“Back in the day, your music was like your furniture,” Mikal tells me, shifting back and forth on his chosen perch—the one clear area of his work desk, which is almost the length of his studio in Bushwick. His long legs swing back and forth in his dark jeans as he fidgets with the gray, tweed cap on his head. “I’m trying to bring that back.”
Mikal Hameed is the founder of Re-Baroque, which is part of his desire to combine art and music into something new, artistic, and functional. His pieces seek the “perfect marriage between art and sound,” which is achieved through patterned canvases with high-quality speakers that connect wirelessly to any Bluetooth device. The meeting of both worlds began as a birthday gift to his partner, but soon was picked up by Anthropologie and other retailers.
As I glance around the studio, Mikal explains the basics of his projects. “I’m dealing mostly with traditional patterns right now,” he states, gesturing behind him to two speaker systems hanging on the white walls of the studio. Both display a simple, yet elegant, argyle print, encapsulated by intricately carved wood frames that have been spray painted to bright blue and baby pink. The table on which he is sitting holds several unframed pieces still in the making, in bright floral colors and other varying patterns. “Those are for a hotel,” he says, proud and excited. “They’ve ordered twenty-four pieces. That’s what I’m trying to branch into right now, more hotels and other larger clients like that.” At the moment, most orders come online from individuals who pick out sizes of frames, then send Mikal the fabric they want their speakers to be displayed in. The rest is up to him, and it usually takes about two or three days for him and his assistant, Fernando, to complete the work.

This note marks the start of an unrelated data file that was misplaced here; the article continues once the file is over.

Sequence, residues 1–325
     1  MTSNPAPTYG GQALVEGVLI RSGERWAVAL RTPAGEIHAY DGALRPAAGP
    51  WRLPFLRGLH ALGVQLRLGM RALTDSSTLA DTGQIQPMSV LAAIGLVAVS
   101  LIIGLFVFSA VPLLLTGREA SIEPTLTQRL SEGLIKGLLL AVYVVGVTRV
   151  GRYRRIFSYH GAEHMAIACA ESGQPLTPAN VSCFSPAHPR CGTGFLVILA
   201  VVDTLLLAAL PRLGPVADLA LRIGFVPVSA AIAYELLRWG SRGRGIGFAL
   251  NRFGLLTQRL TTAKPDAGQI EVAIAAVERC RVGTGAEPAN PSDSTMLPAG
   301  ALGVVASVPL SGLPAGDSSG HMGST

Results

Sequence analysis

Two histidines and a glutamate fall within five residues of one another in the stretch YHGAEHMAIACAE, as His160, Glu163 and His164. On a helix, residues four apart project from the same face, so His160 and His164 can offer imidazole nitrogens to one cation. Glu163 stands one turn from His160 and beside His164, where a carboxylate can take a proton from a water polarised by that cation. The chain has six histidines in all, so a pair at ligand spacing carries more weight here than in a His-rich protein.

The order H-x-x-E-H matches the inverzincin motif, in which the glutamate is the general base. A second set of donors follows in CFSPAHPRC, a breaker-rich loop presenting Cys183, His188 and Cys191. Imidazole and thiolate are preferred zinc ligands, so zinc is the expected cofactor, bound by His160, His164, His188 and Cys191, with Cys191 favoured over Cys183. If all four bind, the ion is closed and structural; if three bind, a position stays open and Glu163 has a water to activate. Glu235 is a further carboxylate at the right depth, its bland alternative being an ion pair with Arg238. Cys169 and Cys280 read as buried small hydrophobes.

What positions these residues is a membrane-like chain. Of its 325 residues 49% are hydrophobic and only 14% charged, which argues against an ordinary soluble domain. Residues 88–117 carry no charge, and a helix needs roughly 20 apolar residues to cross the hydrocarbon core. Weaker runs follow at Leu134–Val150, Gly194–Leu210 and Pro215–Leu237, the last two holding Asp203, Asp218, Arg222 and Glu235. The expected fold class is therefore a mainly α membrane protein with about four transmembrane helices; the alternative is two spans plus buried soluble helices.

I ask him whether the type of music that plays through Re-Baroque speakers changes the meaning of the art, but he shakes his head. “The meaning of the art is for the client to enjoy,” he states. “I mean, I did a couple of country flags which would fit better with that country’s music, and I’ve done a jazz series that would work great with jazz music, but other than that, it’s the client.
“I don’t only do speakers, though,” he says, jumping off the table for a moment to survey the large, custom-size speaker system in the center of the studio. “This one is for a barber shop in town. The guy wants his logo on it, but I hope I can convince him not to do it.” I agree with him; the large, black velvet system is contained in a simple black frame, with one speaker painted bright gold to add some flavor. It’s the perfect mix of class and edge. “But the speakers are just specific to Re-Baroque. I’ve done a trumpet into a lamp—a “tamp”—and the keys turn the light on and off and adjust the brightness. And before this speaker was here, there was a snowmobile—I just got back from showing that in Germany.”
He’s also working on a headboard with speakers and lights on either side, for reading at night without having to have a bulky nightstand and lamp beside you, and a dresser that can hide all of the wires in a home (for cable, Wi-Fi, televisions, alarm clocks, or anything else that might be around) and keep them organized without taking up as much space. The entire purpose for Mikal is to make things beautiful and functional at the same time, with a personal touch that his larger competitors can’t reach. “Some people take my idea, but they don’t really do what I do,” he explains. “They’re all about the bottom line, and I’m about personalizing it and making something that really fits in with the rest of your décor.”
He’s also about keeping the marriage between art and music at the forefront of his designs—both of his parents were professional jazz musicians, but he was unable to learn to sing or play an instrument, and so he chose visual art instead. “I searched through the DNA, you know? Instead of creating an entirely new person out of myself, I searched into what I already had inside me and brought it out in a new way.”
The conversation shifts back to his recent trip to Germany. He tells me about losing his phone in the airport, only to have someone bring it to the plane just before taxiing onto the runway. He pauses for a moment, looking around his studio with the same wide smile that’s been on his lips the entire meeting; then he shakes his head and laughs. “I’m a lucky guy,” he says. “I’m the luckiest guy in the world.”